We also found that the preoperative DVT incidence was 27.27%. Therefore, DVT risk assessment should be carried out for multiple trauma patients before surgery, as well as DUS diagnostic testing for high-risk groups to reduce the economic burden of conventional ultrasound screening [25]. At the same time, the size and location of the embolus could be assessed by ultrasound, and an inferior vena cava filter could be placed, if necessary, to ensure the safety of the surgery. Although the incidence of unilateral lower extremity DVT in this study was high and mainly occurred in the injured limb, it was still necessary to be alert to the possibility of DVT in the healthy limb. In our study, 17 (30.91%) patients developed bilateral DVT, and none of the patients had bilateral fractures.

The data of this study showed that the difference between the thrombotic group and the non-thrombotic group in age, education, pelvic fractures, surgery, ISS, and D-dimer levels were statistically significant. In addition, the number of days in the hospital and the number of days in the ICU in the thrombus group were significantly longer, and the difference was statistically significant. Length of hospital stay, age, major trauma or fracture, major surgery, and D-dimer are common and significant predictors of DVT in patients [9, 26, 27]. Liasidis et al. [28] pointed out that, despite mechanical and chemical thromboprophylaxis, the risk of DVT in patients with pelvic fractures is still very high, which might be related to long-term immobilization. In addition, the higher the education level of patients, the lower the incidence of DVT, which may be related to the higher acceptance of the disease, thromboprophylaxis knowledge, and the higher compliance with thromboprophylaxis practice. ISS, as the most commonly used assessment tool for the disease severity of multiple trauma patients, was considered to be closely related to the risk stratification of DVT in previous studies [29,30,31]. We also confirmed that the ISS of the thrombotic group was significantly higher than that of the non-thrombotic group, and the difference was statistically significant.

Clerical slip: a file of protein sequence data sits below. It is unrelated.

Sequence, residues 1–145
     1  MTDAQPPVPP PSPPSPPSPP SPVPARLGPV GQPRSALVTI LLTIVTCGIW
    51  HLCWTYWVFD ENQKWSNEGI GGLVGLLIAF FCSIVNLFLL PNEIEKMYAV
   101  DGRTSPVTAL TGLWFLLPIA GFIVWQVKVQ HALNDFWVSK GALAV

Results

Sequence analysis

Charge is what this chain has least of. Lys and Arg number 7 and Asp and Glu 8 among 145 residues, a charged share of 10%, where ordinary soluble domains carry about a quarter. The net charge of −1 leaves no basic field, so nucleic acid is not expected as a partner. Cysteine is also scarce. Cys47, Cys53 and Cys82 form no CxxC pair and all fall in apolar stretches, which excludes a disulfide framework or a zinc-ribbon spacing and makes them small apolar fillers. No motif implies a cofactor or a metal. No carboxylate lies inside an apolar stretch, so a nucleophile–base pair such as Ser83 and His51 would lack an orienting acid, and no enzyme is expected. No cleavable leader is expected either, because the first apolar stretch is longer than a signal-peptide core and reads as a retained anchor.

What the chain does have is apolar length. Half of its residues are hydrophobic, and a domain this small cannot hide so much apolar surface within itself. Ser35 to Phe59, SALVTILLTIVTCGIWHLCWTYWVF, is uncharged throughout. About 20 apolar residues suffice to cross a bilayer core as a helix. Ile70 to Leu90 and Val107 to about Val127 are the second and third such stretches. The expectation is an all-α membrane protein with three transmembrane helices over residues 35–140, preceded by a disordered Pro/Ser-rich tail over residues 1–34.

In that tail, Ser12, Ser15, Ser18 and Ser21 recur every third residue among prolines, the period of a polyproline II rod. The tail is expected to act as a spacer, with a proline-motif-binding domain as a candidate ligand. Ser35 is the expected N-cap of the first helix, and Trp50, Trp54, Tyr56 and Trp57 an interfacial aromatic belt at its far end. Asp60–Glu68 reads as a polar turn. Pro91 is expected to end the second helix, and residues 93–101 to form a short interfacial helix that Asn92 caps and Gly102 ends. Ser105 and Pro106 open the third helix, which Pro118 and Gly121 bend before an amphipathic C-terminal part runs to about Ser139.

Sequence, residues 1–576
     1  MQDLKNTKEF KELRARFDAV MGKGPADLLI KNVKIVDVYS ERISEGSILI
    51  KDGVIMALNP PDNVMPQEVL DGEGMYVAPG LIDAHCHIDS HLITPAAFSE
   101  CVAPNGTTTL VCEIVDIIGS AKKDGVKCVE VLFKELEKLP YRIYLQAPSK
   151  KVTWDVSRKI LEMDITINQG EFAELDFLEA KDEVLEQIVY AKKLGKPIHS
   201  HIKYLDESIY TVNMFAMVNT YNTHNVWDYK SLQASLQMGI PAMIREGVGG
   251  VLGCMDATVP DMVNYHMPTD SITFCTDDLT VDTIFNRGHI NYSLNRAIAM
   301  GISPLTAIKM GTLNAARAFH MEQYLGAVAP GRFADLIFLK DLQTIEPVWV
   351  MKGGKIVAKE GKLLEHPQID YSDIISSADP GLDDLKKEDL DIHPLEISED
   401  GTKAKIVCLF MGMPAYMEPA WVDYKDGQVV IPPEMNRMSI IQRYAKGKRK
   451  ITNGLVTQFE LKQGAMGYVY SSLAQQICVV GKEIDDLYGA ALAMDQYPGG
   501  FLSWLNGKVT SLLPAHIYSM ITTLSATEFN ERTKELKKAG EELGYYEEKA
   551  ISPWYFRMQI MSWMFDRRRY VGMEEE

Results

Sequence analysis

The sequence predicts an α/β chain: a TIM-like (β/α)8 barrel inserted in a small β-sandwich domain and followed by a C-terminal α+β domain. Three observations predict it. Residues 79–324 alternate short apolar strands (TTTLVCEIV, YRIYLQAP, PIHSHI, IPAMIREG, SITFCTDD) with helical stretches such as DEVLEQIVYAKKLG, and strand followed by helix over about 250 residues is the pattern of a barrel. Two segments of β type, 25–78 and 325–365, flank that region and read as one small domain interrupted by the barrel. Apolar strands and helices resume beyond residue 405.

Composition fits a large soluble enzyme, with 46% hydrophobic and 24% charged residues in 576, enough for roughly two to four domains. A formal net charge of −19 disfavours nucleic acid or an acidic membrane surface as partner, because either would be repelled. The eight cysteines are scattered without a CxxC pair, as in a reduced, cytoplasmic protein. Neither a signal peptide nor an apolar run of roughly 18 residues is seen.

Validated risk assessment tools contribute to better risk classification and guide prophylaxis. Table 6 demonstrated that the RAPT had better predictive value among the three scales, the AUC was 0.737 (0.672–0.795) with 70.9% sensitivity and 70.3% specificity, but the difference was not statistically significant. A prospective study of 2,281 trauma patients showed that RAPT score was a good predictor of VTE and, in moderate-risk and high-risk patients, the RAPT had a sensitivity of 0.82, a specificity of 0.57, and the AUC was 0.72 [18]. In recent years, an increasing number of studies have supported the use of routine clinical characteristics and laboratory tests to aid decision making [32]. Peng et al. [21] developed a novel risk score for multiple trauma based on patient demographic information and routine clinical variables that can be obtained easily within a few hours after admission. The DRAS was constructed by combining the seven predictors, including age, BMI, lower extremity fracture, ISS, D-dimer, FDPs, and PT. The items of DRAS score were objective and realistic, and simple to operate. The AUC of the DRAS score in this study was 0.710 (0.644–0.771), with 74.6% sensitivity and 60.0% specificity. The sensitivity was highest among the three scales in this study, but the specificity was the lowest. This may be related to the limited sample size of this study, which needs to be further explored.